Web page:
Panolian Commentary

Published 12:00 am Tuesday, January 26, 2010

Widow’s mite might be evident here at home

It’s not breaking news that the people of Haiti are in need of immense and immediate help after an earthquake rattled the island nation on January 12.

The grim news has been hard to miss. Heart-wrenching photos are splashed in the daily newspapers, and a 24-hour news cycle is constantly covering efforts to put food and water in the hands of survivors.

Closer to home, Panolians would do well to pay attention to the children in their midst who are raising funds for the ongoing relief effort.

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Individual students at Pope School contributed $600 last Friday while student clubs donated another $400, reported junior high teacher Danielle Willis.

“I just wanted to let you know that Pope School will be sending a $1,000 check to UNICEF for the Haiti Relief Fund!” Willis stated in an e-mail to the Panolian.

UNICEF, a long-time arm of the United Nations, provides emergency food and healthcare to child in underdeveloped countries.

Other schools in South Panola, including Batesville Elementary and Batesville Intermediate, are also raising funds that will find their way to the Haitian people.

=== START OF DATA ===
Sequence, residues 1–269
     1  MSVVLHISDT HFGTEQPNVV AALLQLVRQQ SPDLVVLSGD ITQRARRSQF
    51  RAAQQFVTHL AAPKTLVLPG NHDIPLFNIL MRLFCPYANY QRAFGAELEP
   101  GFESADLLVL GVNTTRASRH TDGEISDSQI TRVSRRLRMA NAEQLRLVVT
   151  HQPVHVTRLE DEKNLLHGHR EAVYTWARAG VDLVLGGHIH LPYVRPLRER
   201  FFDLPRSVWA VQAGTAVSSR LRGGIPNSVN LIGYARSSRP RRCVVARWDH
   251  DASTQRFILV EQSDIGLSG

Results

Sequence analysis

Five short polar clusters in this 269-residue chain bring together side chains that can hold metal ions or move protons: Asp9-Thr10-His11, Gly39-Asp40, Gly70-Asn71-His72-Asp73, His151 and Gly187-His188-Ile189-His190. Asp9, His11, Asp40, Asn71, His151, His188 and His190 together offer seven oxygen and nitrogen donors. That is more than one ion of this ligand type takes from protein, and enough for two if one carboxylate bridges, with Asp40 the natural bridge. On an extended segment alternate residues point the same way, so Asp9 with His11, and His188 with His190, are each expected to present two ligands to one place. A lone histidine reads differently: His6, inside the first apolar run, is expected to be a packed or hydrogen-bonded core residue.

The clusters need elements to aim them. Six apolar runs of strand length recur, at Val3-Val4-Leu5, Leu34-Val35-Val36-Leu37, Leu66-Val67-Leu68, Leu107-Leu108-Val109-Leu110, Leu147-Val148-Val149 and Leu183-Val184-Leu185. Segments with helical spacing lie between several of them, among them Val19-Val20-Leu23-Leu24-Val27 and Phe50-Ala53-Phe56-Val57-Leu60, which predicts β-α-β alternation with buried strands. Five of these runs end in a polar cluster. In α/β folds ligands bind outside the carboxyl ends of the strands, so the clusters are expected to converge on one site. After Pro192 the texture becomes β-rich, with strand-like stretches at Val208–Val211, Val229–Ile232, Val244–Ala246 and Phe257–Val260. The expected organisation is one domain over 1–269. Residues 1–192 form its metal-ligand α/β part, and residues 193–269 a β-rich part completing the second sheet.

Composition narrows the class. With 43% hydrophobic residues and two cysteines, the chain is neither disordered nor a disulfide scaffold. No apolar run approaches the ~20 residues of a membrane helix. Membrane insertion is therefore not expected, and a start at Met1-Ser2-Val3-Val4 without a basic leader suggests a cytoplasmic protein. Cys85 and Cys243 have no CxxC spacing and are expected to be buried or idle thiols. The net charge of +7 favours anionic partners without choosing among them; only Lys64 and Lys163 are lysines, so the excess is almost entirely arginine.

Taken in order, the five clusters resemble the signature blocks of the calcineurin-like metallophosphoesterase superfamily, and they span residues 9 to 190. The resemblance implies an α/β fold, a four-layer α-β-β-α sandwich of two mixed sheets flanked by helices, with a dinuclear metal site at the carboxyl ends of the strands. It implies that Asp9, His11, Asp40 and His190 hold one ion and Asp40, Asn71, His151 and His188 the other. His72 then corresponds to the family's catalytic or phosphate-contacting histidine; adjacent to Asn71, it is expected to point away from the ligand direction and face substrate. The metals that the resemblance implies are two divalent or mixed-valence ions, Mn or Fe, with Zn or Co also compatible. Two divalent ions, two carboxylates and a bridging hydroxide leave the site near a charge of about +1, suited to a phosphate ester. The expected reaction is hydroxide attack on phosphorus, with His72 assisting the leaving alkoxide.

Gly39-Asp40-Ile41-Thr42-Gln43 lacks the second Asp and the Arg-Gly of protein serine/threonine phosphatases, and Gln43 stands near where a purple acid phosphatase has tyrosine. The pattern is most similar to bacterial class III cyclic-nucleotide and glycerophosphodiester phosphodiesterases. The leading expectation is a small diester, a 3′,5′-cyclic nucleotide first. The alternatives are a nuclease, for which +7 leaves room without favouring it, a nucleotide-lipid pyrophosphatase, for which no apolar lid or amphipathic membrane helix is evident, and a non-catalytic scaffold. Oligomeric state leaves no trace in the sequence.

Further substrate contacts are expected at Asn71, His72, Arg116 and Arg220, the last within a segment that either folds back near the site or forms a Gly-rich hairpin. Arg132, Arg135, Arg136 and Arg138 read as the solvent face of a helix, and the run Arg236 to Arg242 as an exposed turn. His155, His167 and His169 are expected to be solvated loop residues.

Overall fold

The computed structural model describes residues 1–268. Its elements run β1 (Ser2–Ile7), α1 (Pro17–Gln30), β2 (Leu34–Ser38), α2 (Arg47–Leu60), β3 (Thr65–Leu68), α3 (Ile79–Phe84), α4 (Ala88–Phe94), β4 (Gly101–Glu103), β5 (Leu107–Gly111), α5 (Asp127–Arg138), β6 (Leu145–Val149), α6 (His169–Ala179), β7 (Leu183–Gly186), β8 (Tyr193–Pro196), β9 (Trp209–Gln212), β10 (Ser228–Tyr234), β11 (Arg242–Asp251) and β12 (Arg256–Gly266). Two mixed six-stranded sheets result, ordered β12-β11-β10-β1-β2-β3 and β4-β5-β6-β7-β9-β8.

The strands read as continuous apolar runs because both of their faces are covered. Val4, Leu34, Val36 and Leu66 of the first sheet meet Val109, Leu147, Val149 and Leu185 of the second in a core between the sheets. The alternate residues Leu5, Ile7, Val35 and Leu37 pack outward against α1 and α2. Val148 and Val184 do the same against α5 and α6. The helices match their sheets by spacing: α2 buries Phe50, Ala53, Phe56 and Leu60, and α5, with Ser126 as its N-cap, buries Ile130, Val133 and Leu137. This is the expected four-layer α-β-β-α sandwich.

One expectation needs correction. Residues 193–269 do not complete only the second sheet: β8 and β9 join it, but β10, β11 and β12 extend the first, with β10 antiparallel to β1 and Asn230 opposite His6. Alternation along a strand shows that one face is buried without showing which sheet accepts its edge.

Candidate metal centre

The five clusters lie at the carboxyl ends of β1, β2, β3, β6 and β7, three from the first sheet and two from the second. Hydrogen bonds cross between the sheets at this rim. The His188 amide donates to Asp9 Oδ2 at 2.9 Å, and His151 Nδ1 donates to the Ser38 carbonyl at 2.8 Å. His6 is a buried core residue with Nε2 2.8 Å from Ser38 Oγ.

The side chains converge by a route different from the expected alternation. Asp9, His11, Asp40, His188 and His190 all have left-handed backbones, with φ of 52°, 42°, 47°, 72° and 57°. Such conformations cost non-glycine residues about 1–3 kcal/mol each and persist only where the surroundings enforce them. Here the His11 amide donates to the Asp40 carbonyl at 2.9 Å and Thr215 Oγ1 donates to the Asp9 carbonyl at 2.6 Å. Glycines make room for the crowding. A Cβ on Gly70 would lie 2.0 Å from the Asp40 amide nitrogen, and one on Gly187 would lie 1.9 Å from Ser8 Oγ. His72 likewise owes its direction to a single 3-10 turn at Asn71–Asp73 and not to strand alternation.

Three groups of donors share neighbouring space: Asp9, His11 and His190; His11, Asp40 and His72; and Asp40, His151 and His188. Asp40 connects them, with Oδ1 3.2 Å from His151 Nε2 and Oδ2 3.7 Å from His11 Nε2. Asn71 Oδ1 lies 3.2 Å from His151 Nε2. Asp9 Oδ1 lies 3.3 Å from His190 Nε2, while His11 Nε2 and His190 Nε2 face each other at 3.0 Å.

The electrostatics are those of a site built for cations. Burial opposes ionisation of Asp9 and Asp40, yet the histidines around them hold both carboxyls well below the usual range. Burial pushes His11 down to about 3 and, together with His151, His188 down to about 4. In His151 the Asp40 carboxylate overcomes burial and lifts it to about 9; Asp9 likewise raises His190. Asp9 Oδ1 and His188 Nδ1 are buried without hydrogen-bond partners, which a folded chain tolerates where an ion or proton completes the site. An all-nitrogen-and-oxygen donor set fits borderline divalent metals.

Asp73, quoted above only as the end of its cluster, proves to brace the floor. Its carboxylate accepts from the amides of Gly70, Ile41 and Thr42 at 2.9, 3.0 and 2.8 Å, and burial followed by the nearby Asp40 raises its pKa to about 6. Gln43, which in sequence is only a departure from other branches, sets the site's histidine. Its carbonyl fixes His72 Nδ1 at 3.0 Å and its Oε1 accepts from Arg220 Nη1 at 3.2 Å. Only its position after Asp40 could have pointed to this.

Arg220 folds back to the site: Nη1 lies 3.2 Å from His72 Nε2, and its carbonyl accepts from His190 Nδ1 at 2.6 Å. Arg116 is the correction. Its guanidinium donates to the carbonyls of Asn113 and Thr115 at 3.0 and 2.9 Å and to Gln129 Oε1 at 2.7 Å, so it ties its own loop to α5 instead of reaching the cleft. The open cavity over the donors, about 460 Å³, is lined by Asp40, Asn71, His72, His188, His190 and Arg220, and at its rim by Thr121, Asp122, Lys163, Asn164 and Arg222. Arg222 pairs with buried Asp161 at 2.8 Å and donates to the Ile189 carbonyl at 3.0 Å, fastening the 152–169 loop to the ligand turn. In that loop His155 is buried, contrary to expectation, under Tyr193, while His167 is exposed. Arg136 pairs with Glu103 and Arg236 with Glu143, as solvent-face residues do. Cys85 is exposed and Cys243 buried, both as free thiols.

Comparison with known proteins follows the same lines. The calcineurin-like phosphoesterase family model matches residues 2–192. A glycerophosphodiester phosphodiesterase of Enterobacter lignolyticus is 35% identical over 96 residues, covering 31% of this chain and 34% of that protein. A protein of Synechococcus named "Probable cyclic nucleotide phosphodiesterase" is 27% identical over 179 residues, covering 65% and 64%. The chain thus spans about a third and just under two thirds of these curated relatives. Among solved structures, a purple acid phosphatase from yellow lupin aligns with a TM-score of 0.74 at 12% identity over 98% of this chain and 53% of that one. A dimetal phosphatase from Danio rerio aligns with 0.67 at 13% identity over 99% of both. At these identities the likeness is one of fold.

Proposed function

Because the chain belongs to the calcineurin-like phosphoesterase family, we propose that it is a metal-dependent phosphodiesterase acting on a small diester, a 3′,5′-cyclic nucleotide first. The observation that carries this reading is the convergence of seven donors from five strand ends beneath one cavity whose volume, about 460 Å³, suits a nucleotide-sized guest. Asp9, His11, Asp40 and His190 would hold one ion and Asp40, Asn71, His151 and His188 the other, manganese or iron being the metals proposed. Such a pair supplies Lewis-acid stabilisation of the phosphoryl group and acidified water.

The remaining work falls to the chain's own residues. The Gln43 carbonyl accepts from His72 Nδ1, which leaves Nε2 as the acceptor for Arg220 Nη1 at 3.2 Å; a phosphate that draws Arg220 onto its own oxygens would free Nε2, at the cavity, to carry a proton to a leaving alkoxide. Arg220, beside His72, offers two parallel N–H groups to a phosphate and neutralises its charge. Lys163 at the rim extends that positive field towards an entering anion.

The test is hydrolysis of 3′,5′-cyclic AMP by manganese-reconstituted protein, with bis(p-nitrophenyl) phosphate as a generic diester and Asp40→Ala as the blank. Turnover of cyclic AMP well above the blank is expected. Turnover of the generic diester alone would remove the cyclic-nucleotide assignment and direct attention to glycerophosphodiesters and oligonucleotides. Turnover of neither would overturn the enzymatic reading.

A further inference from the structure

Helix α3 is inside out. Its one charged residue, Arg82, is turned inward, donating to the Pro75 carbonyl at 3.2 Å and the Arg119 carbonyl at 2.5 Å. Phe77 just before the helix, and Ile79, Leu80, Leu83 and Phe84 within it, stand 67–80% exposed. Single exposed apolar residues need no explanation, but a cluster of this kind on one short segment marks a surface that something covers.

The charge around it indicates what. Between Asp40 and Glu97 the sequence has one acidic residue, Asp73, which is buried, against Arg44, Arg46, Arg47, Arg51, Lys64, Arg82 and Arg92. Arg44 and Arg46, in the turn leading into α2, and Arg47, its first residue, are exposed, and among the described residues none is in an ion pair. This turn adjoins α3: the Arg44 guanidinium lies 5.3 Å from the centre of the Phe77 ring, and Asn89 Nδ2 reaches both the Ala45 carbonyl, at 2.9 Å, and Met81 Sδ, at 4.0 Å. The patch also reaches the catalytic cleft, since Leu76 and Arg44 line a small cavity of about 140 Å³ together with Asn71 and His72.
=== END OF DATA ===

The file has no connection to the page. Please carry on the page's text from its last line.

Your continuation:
Leslie Busby, principal at Batesville Junior High, told a reporter last week that the 950-student school would begin fund-raising efforts this week.

Before you go back to the bleak coverage on Fox News, let that sink in a bit.

It’s not breaking news that our children are… how do you say it… pampered and comfortable. But those same children have given money for other children they don’t know, who are living in squalid conditions that few, if any of us, have ever experienced.  

Christ’s story of the widow’s mite, told in the New Testament books Mark and Luke, teaches us that a dollar is not just a dollar when it’s given with love.

In still another story in Luke, a man pressed Jesus to explain who deserves help, since Jesus had told the man to “love your neighbor as yourself.”  

“Who is my neighbor?” the man asked.

Christ’s response, commonly known as the story of the Good Samaritan, is simple: everybody is our neighbor.

South Panola’s students are living out that parable.